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The Effect of Age at School Entry on Educational Attainment in Germany

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Listed:
  • Fertig, Michael

    (ISG, Cologne)

  • Kluve, Jochen

    (KfW Development Bank)

Abstract

Determining the optimal age at which a child should enter school is a controversial topic in education policy. In particular, German policy makers, pedagogues, parents, and teachers have since long discussed whether the traditional, established age of school entry at 6 years remains appropriate. Policies of encouraging early school entry or increased consideration of a particular child's competency for school ("Schulfähigkeit") have been suggested. Using a dataset capturing children who entered school in the late 1960s through the late 1970s, a time when delaying enrolment was common, we investigate the effect of age at school entry on educational attainment for West and East Germany. Empirical results from linear probability models and matching suggest a qualitatively negative relation between the age at school entry and educational outcomes both in terms of schooling degree and probability of having to repeat a grade. These findings are likely driven by unobserved ability differences between early and late entrants. We therefore use a cut-off date rule and the corresponding age at school entry according to the regulation to instrument the actual age at school entry. The IV estimates suggest there is no effect of age at school entry on educational performance.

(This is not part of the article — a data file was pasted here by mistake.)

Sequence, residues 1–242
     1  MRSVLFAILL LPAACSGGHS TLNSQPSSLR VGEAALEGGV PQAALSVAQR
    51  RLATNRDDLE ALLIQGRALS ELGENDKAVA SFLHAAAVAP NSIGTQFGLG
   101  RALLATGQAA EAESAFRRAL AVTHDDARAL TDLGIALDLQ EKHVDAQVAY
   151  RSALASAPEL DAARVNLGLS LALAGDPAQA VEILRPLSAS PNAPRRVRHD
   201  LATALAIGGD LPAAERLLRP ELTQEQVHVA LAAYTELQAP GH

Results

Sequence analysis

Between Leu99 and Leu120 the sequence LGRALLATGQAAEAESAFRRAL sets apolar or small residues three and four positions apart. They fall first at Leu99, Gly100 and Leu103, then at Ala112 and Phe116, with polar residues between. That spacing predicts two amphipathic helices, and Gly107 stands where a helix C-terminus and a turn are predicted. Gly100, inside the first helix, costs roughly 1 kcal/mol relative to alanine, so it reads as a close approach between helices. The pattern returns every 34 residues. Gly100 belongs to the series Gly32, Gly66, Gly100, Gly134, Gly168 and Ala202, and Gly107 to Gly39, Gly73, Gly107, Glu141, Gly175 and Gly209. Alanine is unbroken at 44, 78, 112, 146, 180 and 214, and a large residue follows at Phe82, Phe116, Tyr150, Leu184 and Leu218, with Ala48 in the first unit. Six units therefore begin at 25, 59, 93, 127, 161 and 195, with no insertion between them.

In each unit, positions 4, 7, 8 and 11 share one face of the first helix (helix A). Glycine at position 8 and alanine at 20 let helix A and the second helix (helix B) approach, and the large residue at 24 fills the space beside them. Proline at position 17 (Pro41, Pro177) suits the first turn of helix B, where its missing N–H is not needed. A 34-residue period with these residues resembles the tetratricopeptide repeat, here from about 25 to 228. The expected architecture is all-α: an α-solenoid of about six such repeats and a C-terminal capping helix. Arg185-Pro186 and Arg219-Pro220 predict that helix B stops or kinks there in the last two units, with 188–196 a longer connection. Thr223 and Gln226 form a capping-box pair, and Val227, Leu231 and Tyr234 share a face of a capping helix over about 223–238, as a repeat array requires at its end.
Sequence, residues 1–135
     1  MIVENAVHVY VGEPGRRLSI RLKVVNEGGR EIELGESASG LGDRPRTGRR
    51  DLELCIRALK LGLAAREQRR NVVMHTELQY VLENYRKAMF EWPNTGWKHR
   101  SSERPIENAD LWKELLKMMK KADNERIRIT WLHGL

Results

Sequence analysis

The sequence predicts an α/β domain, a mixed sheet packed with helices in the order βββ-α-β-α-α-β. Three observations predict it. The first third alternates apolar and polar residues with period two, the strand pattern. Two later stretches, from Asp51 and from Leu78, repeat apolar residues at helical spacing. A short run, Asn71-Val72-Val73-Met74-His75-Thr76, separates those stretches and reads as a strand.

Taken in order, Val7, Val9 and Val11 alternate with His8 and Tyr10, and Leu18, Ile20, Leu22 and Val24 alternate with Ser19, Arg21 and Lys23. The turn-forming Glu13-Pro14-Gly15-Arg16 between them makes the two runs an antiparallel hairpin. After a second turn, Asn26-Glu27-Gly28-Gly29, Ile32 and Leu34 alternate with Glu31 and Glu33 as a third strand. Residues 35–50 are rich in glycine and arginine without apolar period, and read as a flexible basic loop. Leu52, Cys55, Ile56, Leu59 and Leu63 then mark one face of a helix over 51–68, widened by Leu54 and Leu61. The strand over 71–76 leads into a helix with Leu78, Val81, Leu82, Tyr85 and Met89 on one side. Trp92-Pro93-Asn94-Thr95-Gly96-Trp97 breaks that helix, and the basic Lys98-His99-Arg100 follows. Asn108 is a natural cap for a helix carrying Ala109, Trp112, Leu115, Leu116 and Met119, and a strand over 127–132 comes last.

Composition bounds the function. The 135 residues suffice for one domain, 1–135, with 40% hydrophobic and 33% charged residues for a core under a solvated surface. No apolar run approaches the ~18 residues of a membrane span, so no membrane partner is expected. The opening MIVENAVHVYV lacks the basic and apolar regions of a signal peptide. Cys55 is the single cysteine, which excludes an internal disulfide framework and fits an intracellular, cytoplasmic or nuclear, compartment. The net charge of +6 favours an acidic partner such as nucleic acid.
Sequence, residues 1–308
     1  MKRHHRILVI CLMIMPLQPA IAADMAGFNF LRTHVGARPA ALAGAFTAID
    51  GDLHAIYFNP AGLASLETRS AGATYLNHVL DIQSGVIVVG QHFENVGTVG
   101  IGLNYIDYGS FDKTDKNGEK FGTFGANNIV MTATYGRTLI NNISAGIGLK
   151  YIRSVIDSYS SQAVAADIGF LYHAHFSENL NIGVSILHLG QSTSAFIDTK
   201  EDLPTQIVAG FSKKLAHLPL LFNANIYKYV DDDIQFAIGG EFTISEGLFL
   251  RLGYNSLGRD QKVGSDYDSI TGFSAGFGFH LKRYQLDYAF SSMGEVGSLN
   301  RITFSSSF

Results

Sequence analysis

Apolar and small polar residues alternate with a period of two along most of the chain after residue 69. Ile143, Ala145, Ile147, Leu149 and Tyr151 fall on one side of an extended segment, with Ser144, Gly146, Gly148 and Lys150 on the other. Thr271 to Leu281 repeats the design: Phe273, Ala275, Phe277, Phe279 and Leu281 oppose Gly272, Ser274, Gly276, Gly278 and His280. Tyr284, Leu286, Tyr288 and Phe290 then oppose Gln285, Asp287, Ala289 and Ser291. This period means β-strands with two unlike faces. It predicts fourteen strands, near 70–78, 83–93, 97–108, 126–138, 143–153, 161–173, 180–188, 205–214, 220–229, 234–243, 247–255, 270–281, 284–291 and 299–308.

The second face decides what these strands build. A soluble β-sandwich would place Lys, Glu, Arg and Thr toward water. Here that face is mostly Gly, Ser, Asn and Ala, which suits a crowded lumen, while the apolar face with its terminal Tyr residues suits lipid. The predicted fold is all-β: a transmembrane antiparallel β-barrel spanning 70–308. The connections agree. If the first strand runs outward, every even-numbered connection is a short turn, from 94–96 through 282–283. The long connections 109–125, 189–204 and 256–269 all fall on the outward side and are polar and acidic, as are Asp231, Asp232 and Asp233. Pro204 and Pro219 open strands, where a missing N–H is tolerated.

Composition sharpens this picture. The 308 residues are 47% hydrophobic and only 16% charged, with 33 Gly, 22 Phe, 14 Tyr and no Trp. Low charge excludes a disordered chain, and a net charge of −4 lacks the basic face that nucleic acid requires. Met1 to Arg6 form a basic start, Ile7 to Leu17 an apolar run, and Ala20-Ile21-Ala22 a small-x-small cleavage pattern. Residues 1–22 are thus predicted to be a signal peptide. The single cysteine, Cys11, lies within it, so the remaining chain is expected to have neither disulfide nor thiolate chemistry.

Suggested Citation

  • Fertig, Michael & Kluve, Jochen, 2005. "The Effect of Age at School Entry on Educational Attainment in Germany," IZA Discussion Papers 1507, Institute of Labor Economics (IZA).
  • Handle: RePEc:iza:izadps:dp1507
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    References listed on IDEAS

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    More about this item

    Keywords

    schooling; matching; instrumental variables;
    All these keywords.

    JEL classification:

    • I21 - Health, Education, and Welfare - - Education - - - Analysis of Education
    • J13 - Labor and Demographic Economics - - Demographic Economics - - - Fertility; Family Planning; Child Care; Children; Youth

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